Innovative supplier Octopus Energy have already taken steps towards meeting the requirements of the SEG with the first truly ‘smart’ export tariff offer, which includes both a simple fixed payment for all surplus power exported to the grid at a fair market rate of 5.5p/kWh, and a ‘smart’ tariff, which will enable homes with solar and battery storage that can control when they export power to the grid to potentially benefit from even higher rates because they can export at ‘peak’ times when power is more expensive.

However, while this initial offering is positive, it does have its limits. In order to benefit from Octopus Energy’s offer, you also have to be a customer on the supply side. If other suppliers follow this format, there is a risk of consumers being saddled with opaque package deals that cloak the true economics of household power use and supply. Furthermore, this offer only applies to the domestic market. Since April 2019, small-scale commercial and community energy generators have been left with no route to market.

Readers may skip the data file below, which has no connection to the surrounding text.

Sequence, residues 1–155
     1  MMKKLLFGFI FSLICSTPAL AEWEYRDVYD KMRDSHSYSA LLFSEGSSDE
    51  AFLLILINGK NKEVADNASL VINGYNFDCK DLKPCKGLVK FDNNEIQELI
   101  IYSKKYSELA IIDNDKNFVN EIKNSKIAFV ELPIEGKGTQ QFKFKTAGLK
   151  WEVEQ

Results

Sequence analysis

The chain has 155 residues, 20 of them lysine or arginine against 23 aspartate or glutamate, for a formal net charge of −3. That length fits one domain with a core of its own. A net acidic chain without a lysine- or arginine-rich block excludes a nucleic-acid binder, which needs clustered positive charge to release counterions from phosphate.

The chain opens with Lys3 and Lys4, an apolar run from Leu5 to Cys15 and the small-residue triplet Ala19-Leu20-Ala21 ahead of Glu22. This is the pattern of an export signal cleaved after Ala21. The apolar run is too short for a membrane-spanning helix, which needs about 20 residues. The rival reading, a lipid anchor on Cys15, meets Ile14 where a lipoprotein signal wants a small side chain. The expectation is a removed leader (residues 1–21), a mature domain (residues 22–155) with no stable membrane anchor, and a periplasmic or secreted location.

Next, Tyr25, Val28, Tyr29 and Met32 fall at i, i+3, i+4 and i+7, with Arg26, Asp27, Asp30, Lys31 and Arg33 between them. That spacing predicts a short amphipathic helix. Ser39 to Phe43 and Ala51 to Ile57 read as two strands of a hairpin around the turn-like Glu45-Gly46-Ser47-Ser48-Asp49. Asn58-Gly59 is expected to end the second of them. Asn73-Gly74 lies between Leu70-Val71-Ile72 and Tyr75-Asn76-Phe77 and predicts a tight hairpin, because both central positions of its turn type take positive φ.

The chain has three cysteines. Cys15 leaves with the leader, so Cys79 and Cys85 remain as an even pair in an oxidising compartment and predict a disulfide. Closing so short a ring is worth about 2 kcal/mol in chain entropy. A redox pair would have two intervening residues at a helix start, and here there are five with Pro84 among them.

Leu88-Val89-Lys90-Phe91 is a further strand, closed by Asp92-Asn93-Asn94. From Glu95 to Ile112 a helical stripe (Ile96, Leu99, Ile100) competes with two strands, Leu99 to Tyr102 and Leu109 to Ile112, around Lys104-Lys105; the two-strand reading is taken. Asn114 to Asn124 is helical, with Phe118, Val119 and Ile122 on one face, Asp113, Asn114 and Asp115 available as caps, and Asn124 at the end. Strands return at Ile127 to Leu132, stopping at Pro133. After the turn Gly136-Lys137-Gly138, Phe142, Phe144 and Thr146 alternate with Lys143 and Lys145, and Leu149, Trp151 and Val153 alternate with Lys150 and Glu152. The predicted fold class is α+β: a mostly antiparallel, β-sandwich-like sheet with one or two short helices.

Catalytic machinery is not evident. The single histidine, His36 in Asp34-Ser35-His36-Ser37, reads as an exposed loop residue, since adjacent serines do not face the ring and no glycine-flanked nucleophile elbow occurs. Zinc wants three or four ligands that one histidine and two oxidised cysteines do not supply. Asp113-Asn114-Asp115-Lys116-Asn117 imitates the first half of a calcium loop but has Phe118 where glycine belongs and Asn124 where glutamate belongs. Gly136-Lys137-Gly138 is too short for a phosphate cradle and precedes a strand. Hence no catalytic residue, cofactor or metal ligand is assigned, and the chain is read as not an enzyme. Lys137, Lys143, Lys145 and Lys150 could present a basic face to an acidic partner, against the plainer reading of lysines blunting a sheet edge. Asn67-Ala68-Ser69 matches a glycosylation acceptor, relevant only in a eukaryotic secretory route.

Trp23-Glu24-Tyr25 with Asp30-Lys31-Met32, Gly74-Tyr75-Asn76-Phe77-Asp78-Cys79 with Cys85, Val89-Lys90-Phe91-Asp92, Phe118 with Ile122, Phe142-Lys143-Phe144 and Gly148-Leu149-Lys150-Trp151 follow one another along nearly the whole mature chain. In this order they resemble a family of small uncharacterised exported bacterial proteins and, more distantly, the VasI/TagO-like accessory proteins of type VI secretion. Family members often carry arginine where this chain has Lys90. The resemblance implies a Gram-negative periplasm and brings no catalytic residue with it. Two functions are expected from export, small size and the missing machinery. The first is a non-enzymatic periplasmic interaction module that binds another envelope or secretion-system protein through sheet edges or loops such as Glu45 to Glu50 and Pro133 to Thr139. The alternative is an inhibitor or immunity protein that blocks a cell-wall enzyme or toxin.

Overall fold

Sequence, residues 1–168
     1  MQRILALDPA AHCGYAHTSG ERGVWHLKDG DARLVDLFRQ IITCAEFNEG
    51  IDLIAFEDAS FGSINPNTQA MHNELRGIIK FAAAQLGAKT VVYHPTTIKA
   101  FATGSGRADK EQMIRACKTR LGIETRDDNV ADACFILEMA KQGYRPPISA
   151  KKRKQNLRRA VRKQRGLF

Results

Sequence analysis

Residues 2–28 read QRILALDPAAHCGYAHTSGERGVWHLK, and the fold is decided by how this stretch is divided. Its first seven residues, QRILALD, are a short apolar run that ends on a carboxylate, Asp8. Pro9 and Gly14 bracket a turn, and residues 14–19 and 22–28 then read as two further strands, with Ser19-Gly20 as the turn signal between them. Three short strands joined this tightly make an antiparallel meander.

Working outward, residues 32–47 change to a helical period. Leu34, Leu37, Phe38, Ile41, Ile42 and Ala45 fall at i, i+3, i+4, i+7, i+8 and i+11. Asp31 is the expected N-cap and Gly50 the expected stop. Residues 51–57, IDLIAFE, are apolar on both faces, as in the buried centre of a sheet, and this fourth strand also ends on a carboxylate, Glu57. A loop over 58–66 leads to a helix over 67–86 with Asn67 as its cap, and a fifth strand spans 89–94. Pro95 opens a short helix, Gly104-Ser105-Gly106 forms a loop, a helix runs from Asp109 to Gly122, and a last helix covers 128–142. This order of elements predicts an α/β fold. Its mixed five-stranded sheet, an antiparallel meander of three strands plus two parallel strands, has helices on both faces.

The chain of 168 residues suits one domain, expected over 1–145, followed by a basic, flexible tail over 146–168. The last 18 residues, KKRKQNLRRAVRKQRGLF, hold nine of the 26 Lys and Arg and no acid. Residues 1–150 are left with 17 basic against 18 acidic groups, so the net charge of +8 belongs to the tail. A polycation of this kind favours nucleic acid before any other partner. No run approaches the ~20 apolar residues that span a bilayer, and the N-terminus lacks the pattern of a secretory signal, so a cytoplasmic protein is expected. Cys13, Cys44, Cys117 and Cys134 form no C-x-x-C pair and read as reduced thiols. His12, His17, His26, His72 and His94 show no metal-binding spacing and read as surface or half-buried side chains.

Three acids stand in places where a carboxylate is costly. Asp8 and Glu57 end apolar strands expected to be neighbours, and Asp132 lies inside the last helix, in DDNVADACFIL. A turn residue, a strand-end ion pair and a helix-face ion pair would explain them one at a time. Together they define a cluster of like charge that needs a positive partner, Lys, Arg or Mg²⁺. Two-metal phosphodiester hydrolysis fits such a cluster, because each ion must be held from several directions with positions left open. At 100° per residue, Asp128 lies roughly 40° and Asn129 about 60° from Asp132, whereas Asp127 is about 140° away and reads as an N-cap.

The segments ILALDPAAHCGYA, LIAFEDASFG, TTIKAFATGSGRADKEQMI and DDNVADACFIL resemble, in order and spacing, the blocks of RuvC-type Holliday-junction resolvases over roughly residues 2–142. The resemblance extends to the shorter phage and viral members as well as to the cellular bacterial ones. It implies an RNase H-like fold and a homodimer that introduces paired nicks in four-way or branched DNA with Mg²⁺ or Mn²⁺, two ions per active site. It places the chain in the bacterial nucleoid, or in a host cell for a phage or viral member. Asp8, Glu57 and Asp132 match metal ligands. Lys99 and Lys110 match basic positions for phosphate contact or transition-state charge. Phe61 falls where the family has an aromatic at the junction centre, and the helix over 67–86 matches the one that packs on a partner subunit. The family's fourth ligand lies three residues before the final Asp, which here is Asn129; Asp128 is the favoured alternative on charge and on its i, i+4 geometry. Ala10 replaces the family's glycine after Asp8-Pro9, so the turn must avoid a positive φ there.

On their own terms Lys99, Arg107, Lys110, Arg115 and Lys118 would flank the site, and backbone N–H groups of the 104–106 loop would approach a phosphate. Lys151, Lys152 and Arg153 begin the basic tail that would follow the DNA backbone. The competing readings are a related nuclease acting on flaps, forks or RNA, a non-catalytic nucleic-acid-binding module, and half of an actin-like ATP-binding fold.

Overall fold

Details released on the SEG so far are scant, so the STA is not yet able to comment in depth, however, it is expected that MCS certification or the equivalent will be a requirement to qualify for a SEG, helping to safeguard high standards in the industry.

The announcement is expected to fall short of demands to mandate a minimum price following a vigorous lobbying effort including politicians and the public alike. MPs such as Antoinette Sandbach and Douglas Ross have been particularly vocal on the matter, as have campaign group 10:10 Climate Action. Should the market fail to provide and sustain fair offers there will be immediate pressure on Government to intervene.

 

SOLAR TRADE ASSOCIATION